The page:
French Senate report calls for unification of public service media

French senators tasked with reporting on the future of public service media in the country following President Emmanuel Macron’s decision to scrap the license fee have revived the idea of ​​creating a unified public service broadcaster on the model of the BBC.

The co-rapporteurs Roger Karoutchi, vice-president of the Senate, and Jean-Raymond Hugonet, of the right-wing opposition party Les Républicains, denounced the absence of proposals for reform of the public service media from the government. In a response to Macron’s justification for scrapping the license fee as a measure to combat the rising cost of living, they said that “reform of public service media funding cannot be reduced to a simple measure concerning the purchasing power of the French. ”.

Arguing that instead of reflections and proposals the government had delivered “an absolute void”, Karoutchi and Hugonet considered that there was an urgent need “for a real strategic project”.

They called for the accelerated unification of France Télévisions, Radio France, France Médias Monde and the National Audiovisual Institute (INA), going beyond the idea of ​​a common holding organization mentioned by the Senate seven years ago. .

The duo asked that a law be passed next year to lead to the creation of a new group, France Media, which will see the light of day by 2025, at the end of the current mandate of the president. of France Télévisions, Delphine Ernotte.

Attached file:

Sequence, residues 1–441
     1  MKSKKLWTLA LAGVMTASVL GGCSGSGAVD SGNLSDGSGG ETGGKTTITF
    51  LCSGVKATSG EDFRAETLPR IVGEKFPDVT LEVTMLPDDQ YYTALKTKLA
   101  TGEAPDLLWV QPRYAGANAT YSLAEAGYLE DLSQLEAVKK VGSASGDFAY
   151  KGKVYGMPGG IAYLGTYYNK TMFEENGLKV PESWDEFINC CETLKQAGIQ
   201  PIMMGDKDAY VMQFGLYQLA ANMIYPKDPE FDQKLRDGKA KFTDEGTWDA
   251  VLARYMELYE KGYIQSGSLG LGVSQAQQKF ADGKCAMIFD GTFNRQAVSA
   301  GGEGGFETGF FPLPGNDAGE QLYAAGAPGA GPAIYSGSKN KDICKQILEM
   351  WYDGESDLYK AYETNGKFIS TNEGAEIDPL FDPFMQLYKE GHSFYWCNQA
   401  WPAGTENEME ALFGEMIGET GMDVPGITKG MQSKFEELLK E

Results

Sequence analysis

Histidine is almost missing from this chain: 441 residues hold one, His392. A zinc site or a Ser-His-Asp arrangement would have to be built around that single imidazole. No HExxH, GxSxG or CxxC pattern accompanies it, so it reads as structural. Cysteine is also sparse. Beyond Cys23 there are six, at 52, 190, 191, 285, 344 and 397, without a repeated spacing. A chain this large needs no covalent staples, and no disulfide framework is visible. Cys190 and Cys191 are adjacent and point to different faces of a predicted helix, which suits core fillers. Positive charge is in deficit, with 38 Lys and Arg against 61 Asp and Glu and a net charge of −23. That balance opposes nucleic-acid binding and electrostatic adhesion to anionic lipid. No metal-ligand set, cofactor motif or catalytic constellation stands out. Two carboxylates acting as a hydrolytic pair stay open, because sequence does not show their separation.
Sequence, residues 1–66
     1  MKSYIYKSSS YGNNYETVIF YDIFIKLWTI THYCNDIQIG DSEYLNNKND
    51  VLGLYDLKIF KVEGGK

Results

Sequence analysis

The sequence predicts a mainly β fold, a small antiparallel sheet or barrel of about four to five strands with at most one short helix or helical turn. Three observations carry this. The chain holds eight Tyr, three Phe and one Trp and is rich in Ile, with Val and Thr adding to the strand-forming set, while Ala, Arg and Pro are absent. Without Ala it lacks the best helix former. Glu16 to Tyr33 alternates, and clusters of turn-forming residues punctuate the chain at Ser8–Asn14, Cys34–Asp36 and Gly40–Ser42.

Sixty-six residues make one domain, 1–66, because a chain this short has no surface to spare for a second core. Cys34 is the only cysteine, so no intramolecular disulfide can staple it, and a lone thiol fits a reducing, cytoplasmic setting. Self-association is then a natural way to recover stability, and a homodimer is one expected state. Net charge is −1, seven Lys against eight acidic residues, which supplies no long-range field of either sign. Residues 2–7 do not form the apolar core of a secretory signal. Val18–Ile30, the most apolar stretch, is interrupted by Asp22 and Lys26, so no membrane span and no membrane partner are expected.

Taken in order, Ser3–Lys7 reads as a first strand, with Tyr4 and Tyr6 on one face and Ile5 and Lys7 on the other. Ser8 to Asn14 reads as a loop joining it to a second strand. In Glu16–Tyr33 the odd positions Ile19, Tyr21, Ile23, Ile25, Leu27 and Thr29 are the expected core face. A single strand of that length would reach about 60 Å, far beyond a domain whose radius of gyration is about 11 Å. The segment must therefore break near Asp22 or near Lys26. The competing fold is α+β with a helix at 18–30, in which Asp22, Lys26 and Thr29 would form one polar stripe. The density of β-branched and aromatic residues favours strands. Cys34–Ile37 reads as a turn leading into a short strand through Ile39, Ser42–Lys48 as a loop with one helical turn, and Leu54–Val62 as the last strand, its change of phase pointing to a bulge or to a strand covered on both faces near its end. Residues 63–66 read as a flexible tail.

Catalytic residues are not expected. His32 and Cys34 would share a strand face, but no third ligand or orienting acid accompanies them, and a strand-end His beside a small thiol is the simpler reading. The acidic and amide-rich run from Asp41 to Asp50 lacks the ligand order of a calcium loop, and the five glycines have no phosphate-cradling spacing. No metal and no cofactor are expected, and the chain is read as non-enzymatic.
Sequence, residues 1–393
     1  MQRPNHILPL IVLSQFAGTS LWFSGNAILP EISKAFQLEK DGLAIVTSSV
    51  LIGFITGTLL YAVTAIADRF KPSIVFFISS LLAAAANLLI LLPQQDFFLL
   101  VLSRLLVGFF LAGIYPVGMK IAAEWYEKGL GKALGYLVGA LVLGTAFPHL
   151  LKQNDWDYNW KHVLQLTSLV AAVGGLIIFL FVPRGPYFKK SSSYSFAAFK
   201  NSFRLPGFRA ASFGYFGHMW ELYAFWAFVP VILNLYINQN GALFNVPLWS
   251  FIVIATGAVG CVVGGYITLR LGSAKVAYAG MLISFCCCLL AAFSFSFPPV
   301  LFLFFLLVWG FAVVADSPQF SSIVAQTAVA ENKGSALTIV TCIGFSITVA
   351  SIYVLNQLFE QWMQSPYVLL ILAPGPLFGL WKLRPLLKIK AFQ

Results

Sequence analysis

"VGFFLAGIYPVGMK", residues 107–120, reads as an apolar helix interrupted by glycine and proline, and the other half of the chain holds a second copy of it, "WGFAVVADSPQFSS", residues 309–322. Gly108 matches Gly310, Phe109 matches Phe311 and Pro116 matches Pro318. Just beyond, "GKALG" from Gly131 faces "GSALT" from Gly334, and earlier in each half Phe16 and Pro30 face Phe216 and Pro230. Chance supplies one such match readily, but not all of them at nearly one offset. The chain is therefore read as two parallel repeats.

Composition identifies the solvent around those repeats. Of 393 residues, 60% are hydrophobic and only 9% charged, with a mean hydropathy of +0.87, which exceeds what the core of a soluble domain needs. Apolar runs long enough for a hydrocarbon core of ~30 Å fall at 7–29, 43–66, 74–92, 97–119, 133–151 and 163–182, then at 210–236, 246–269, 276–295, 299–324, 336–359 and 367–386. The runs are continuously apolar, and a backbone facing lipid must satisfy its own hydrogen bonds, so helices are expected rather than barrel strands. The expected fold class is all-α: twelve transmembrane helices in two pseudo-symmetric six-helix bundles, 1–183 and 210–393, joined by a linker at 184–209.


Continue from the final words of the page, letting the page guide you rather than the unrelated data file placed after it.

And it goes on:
Karoutchi and Hugonet also called for the creation of a single public service information organization across public service radio and television, which they said would “end duplication and build expertise”, ensuring local, national and international news coverage.

The report also calls for the creation of a single grouping of regional media bringing together France 3 and France Bleu, called France Médias Régions.

Karoutchi and Hugonet also called for a unified public service media digital strategy to enable France to catch up with other countries.

With funding to come from the government budget rather than a license fee under current proposals, the Senate called for an independent commission to be charged with assessing annual needs and establishing multi-year budgets.

The new High Audiovisual Authority (ASAP) would be headed by a judicial officer from the Court of Auditors, with four members appointed by the Senate and the National Assembly.


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